Everyone’s favorite religious zealots, the Duggars, were raised with a hefty load of rules and chores that many other modern-day people would find strange and restrictive. While living under their parents’ roof, the nine Duggar daughters were subject to distinct tenets from their brothers. According to The Sun, these dictates include: covering their legs, no pants, no “front-facing hugs,” and a requirement to take a chaperone on dates, among others. And you thought your parents were strict.
As strict independent Christian Baptists, one of the Duggars’ most important rules that all 20 kids are subject to is alcohol abstinence. Jim Bob and Michelle worry that consuming alcohol in excess could lead to immoral or inappropriate behavior. If you think that sounds like a line from Footloose, you’re not far off. According to Bustle, the Duggar kids also aren’t allowed to dance.
But kids are wont to rebel, and that’s just what second eldest daughter Jill Duggar Dillard did in 2020 when she sipped on a (gasp!) non-virgin piña colada. What led Jill, star of TLC spinoff Counting On, to eschew one of her family’s most deeply held beliefs? Read on to find out.
Jill Duggar wants to set a good example for her kids
Fans were shocked to learn that Jill Duggar Dillard, a mother of two, broke one of her family’s cardinal rules and drank some booze. Jill posted a picture on Instagram celebrating a date night with her husband, Derrick Dillard. In the photo, Jill and Derrick appear to enjoy a night out, replete with Mexican food, and what looked suspiciously like a cocktail to the right of Jill’s enchiladas. Jill confirmed in the comments that the tasty summer drink contained alcohol, per People. Fans, and presumably her parents, were shook.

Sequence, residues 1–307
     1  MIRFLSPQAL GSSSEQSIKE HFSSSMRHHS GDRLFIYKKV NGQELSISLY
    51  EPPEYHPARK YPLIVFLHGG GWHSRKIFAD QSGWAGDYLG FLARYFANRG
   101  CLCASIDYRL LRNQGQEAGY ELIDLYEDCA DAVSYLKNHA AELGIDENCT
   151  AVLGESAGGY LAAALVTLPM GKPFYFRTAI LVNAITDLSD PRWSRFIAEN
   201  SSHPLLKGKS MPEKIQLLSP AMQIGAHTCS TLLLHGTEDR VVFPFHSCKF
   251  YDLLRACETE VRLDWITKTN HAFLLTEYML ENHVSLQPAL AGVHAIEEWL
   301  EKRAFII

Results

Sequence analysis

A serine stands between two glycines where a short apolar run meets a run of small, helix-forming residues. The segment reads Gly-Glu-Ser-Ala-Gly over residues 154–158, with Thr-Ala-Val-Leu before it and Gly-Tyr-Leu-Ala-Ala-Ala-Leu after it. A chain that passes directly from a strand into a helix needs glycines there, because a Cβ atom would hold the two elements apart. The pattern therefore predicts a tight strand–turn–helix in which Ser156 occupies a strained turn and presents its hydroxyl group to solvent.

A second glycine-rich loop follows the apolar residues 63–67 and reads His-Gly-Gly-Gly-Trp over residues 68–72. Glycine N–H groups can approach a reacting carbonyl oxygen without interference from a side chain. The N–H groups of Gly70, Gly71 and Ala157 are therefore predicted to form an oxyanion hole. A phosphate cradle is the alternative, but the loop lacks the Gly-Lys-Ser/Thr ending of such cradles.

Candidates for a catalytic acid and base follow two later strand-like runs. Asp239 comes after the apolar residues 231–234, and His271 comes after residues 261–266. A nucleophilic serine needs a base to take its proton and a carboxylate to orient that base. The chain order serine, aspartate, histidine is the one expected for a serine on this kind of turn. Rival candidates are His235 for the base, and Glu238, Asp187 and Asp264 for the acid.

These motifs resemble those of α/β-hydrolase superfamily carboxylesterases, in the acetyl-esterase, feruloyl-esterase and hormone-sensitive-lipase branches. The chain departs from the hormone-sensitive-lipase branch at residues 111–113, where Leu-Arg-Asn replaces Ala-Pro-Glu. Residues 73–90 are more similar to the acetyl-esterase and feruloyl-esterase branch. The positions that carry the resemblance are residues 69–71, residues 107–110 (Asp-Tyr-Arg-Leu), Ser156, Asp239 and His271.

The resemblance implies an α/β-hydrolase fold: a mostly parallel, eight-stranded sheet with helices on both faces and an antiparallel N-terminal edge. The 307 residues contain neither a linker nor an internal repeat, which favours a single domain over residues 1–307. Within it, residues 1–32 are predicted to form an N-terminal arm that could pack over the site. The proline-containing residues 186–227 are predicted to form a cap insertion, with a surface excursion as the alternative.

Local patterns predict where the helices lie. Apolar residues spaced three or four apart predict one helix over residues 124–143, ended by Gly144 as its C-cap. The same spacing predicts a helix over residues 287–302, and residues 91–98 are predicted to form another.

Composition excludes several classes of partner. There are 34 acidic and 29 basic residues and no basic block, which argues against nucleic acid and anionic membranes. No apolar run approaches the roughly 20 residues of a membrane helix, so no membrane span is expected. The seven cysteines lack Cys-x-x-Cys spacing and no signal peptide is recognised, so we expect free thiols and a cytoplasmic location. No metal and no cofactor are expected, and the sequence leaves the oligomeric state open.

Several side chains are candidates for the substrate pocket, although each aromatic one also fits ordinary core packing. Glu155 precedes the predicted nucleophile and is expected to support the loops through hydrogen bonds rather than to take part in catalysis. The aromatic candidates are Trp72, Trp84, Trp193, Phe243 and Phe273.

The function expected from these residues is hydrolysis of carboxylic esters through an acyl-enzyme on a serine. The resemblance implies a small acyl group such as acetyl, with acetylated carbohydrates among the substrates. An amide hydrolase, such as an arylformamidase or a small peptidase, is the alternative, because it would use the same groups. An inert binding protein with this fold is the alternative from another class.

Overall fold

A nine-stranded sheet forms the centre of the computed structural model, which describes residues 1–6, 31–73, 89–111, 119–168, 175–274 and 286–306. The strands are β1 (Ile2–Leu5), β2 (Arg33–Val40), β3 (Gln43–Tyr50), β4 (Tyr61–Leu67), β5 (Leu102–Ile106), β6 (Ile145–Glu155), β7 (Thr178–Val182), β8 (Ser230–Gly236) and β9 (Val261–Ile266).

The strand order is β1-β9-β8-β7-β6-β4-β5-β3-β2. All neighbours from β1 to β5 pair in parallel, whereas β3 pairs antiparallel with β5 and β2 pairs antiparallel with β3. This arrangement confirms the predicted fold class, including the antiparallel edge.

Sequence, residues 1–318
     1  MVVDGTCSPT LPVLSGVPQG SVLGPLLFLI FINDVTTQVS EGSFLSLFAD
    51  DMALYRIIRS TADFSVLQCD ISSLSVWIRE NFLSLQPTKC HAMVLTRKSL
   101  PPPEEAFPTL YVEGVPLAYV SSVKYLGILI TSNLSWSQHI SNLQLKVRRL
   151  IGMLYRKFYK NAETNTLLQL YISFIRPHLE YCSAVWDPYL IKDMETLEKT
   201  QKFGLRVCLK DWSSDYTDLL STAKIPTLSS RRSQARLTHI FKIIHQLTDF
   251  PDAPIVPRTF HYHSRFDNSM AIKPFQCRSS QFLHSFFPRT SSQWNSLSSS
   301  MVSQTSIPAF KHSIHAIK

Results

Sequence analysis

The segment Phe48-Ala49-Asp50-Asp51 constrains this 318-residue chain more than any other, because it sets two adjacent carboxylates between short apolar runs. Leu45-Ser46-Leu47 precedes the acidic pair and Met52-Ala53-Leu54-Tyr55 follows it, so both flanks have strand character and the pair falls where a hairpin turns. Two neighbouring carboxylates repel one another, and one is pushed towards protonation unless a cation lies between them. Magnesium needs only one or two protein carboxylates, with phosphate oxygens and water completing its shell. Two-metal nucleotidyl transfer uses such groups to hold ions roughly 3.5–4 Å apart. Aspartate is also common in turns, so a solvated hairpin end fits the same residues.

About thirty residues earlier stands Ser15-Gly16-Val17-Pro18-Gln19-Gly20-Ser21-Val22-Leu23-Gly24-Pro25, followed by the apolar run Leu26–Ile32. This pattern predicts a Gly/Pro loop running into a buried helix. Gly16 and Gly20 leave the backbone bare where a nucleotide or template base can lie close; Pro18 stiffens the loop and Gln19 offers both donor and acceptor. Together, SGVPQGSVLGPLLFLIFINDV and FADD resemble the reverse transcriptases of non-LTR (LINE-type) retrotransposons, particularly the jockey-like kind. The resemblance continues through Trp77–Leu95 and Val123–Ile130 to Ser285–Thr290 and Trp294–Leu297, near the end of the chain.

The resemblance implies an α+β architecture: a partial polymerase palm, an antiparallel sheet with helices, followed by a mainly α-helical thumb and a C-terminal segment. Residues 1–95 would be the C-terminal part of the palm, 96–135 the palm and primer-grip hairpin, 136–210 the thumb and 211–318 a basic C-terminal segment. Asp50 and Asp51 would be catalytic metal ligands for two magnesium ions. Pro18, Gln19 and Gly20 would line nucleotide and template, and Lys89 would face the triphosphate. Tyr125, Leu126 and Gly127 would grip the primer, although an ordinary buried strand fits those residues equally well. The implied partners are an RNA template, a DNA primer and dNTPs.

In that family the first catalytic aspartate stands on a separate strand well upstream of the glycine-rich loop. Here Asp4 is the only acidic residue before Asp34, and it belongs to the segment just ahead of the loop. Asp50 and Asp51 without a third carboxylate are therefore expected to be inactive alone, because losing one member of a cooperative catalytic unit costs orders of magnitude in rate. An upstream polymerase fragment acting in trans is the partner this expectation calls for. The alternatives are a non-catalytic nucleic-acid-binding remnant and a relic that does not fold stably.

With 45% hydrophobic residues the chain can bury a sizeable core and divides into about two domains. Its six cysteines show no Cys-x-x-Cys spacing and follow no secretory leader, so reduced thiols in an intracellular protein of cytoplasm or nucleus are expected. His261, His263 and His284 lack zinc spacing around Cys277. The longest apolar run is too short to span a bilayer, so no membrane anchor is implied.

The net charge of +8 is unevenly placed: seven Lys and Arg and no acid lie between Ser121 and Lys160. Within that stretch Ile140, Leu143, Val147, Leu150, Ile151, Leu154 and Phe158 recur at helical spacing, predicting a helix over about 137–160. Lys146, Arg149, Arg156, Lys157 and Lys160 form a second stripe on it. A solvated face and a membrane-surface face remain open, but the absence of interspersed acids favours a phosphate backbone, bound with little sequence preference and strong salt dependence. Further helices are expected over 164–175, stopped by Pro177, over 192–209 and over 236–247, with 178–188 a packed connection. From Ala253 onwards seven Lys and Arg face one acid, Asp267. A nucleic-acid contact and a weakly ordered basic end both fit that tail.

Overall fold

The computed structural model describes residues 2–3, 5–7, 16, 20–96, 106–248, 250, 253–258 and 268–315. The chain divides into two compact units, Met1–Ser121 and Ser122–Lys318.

The following week, Jill sat down with People to clear the air. “Growing up, the whole idea of drinking was not encouraged,” Jill reminded the outlet. “I know my parents would not be happy with it, and I know that my siblings, some more than others, would probably have an issue with it.” Despite their disapproval, Jill has developed her own approach to alcohol, adding: “I’m okay with people not being okay with it.”
“In our faith, we believe like we’re not supposed to get drunk,” she continued. So, she and her husband drink “socially here and there, or at home, for a date or something.” She added that she wants to set a different example for her own kids. “Our kids are pretty young right now, but I think it’s good for them to see a healthy balance.”
We’ll drink to that.
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